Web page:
Even a cursory glance at Major League Baseball’s injured list can be alarming.
Chris Archer (Rays), Cody Bellinger (Dodgers), Miguel Cabrera (Tigers), Lorenzo Cain (Brewers), Carlos Carrasco (Mets), Johnny Cueto (Giants), Max Fried (Braves), Ke’Bryan Hayes (Pirates), Dinelson Lamet (Padres), Lance Lynn (White Sox), Anthony Rendon (Angels), Juan Soto (Nationals), George Springer (Blue Jays), Stephen Strasburg (Nationals), Luke Voit (Yankees), and Christian Yelich (Brewers) are among the notable players missing from their teams.
Those players are all expected back. Dexter Fowler (Angels), James Paxton (Mariners), and Kirby Yates (Blue Jays) have had season-ending surgeries. If Eloy Jimenez (White Sox) and Trevor Rosenthal (Athletics) return from their injuries, it won’t be until late in the season.
Meanwhile, Tyler Beede (Giants), Mike Clevinger (Padres), Chris Sale (Red Sox), Luis Severino (Yankees), Noah Syndergaard (Mets), and Justin Verlander (Astros) are in varying stages of recovering from Tommy John surgery, as are nine other pitchers.
Derek Rhoads, who tracks injuries for Baseball Prospectus, ran the numbers.
If you exclude absences related to COVID-19, Rhoads found that injuries were up 12 percent from 2019 (MLB’s last full season) over the first 18 days of the season.
That’s not enough of a jump to say baseball has a crisis on its hands. But it’s enough to be worried about what will come next as the season progresses.
“There are a lot of unknowns out there,” said Dr. Stephen Fealy, an orthopedic specialist with the Hospital for Special Surgery in Manhattan who also consults with the Players Association and is a member of MLB’s medical advisory committee.
The 2020 season was unlike any that came before. Players prepared as usual before spring training came to a sudden stop in mid-March when the pandemic hit.
The game was shut down until early July when players came back together at their home ballparks to prepare for a 60-game season spread over 67 days.
The Dodgers then played 18 games in the expanded playoffs and the Rays 20. Other teams, including the Red Sox, didn’t play any.
To what degree the start-stop-start-stop schedule of 2020 will have on knee and elbow ligaments this season is to be determined. It’s something teams spend the winter researching and trying to prepare for.
But without a similar event to look back on, it was a lot of guesswork.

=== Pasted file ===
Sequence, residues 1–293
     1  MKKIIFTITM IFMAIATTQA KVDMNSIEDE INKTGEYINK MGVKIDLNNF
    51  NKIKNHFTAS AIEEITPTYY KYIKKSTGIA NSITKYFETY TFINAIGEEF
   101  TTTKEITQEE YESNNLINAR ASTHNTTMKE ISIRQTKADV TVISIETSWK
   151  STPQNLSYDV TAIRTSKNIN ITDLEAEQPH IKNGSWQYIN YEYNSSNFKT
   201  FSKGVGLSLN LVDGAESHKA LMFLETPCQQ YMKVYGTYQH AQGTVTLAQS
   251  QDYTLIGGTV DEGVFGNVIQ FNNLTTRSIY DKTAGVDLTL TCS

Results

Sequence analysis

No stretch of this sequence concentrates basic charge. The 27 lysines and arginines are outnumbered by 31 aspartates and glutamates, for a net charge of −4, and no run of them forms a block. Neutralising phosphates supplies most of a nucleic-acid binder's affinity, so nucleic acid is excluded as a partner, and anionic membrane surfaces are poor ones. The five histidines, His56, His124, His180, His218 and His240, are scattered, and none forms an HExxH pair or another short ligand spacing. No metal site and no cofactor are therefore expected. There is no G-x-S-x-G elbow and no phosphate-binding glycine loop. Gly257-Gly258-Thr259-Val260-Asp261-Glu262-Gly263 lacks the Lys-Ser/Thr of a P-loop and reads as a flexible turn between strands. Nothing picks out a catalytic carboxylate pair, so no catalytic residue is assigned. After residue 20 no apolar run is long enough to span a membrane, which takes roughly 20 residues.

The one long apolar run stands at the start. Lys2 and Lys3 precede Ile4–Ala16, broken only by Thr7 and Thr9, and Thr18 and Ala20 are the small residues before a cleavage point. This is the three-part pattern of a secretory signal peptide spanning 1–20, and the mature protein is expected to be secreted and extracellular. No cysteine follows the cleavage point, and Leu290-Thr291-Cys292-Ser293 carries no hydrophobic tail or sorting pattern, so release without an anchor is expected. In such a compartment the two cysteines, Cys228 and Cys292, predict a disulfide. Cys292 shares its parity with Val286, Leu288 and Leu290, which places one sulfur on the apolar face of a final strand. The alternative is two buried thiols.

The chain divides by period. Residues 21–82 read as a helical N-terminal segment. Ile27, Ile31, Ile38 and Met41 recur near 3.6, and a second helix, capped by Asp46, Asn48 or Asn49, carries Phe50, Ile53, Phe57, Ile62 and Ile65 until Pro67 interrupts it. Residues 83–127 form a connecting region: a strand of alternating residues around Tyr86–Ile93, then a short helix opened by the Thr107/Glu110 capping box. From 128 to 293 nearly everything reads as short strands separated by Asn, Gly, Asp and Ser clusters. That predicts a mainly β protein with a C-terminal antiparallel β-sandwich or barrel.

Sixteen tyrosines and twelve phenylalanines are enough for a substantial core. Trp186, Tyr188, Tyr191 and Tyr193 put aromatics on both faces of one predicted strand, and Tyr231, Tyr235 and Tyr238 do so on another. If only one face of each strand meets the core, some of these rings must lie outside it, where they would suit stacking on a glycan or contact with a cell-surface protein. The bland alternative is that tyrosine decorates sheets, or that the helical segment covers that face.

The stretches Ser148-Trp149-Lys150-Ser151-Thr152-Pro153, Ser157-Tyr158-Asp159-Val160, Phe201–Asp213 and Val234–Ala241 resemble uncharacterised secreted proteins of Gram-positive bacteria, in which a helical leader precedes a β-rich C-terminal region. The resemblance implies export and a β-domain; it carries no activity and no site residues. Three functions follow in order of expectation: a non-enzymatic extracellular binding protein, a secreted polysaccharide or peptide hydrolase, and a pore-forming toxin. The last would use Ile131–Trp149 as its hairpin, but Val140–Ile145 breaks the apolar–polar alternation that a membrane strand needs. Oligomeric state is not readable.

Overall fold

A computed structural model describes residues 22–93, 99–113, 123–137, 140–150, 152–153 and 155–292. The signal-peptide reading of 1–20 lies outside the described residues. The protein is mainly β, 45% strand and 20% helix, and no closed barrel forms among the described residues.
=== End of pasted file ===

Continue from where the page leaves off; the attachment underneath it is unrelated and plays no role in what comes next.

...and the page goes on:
“The usual cadence of training was disrupted,” Fealy said. “It seems like there are more sprains and strains, but it’s too early to officially say that. We’re seeing a lot of oblique and hamstring strains but haven’t seen MCL strains increase. There’s no playbook for this.”
Fealy labeled what happened last season as “de-training.” Team doctors and athletic trainers were split on how best to handle it. Initially, all teams instructed their pitchers to remain on a regular schedule. But as the pandemic worsened, some teams cut way back on throwing programs.
Hitters quarantining at their homes were left swinging at balls off a tee into a net in the backyard, while pitchers searched for somebody to play catch with.
Red Sox designated hitter J.D. Martinez said the increased possibility of injury has been an ongoing topic of conversation among players since the start of spring training.
“A lot of guys were concerned about it,” he said. “Any time you just shut it down and then you ramp it up again — this game is very demanding. You need that long spring training to get your legs under you.”
Fealy, who pitched at Columbia, said there were some discussions about limiting innings or pitches early in the season, but the decision was made to let individual teams set their own limits.
Through Friday, starting pitchers were averaging 5.06 innings, about an out less than the same time period in 2019. The 26-man roster has made it easier for teams to go to their bullpens earlier.
There were actually seven complete games through Friday, two of them the no-hitters thrown by Joe Musgrove and Carlos Rodon.
“How best to protect arms is something that’s always evolving,” Fealy said. “These are finely tuned athletes across the board and the demands on them are hard to maintain.
“For pitchers especially, this is new. Their cadence is off. Everybody I speak to on the medical side of this is watching to see what happens.”
The other issue is how many pitchers are bent on throwing 100 miles per hour.
Fealy doesn’t believe that leads to injuries as pitchers are better prepared and conditioned for the physical demands.
“But the human body has a limited capacity,” he said. “It all plays into it.”